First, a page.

On Thursday, the 7th of March, 2019, the euro was drowned under deep water to its lowest level against the American dollar since June 2017 to $1.1175, after ECB had delayed the timing of its post-crisis rate hike to 2020 and initiated a new round of low-interest loans.
Meanwhile, euro had been eyeing its mid-2016 low to 1.10-1.11 region, as an expected strong US non-farm payroll and robust unemployment report due to be released tomorrow, would likely to pivot the strangulated euro much lower.
While this report was being prepared, March 7th, 2019, GMT. 23.10, the euro had been struggling to stay above June 2016 low and the risk of a forex flash crash for euro had also been keeping the buyers at bay and sellers had taken complete control of the EUR/USD pair.
In the late US trading hours, euro had fallen as much as 1.1 percent to 1.1175, yet managed to end up the day with a loss of 1.02 percent to $1.1194, its biggest intra-day plunge against American dollar since January 2nd, 2019.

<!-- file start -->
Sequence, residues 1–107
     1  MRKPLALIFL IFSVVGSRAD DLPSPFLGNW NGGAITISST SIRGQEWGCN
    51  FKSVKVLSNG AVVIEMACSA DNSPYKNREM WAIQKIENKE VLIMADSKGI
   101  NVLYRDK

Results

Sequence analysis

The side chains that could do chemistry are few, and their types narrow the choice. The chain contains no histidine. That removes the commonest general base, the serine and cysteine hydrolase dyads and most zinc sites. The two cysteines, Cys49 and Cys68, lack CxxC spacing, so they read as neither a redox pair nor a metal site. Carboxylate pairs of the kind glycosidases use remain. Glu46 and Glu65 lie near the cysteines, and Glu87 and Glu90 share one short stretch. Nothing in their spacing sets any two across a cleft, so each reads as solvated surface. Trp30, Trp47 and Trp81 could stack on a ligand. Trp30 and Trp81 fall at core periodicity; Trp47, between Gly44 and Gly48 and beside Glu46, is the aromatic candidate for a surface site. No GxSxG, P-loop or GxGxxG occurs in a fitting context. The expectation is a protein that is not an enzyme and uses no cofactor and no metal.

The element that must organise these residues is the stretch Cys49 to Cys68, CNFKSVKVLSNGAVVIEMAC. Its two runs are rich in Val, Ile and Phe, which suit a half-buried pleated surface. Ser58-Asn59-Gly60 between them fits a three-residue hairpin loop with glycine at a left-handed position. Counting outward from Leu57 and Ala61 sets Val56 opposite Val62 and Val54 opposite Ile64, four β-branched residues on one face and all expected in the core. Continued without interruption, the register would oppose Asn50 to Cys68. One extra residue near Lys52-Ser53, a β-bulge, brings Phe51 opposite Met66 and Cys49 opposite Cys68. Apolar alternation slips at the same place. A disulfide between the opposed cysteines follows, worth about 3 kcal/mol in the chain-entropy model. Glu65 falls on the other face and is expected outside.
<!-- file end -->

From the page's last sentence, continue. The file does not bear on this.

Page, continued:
Other European currencies not part of the eurozone, such as Swedish Crown, alongside Hungarian forint took heavy tumbles as well, as the neighboring nations had been in a rattling battle against deteriorating regional business, alongside consumer activities, The Swedish Crown fell 0.62 percent against euro to 10.581 per euro and the Hungarian forint shed 0.1 percent against the eurozone currency.
Concomitantly, analysts are expecting further euro nose-dive below 1.10 region in a near-term outlook.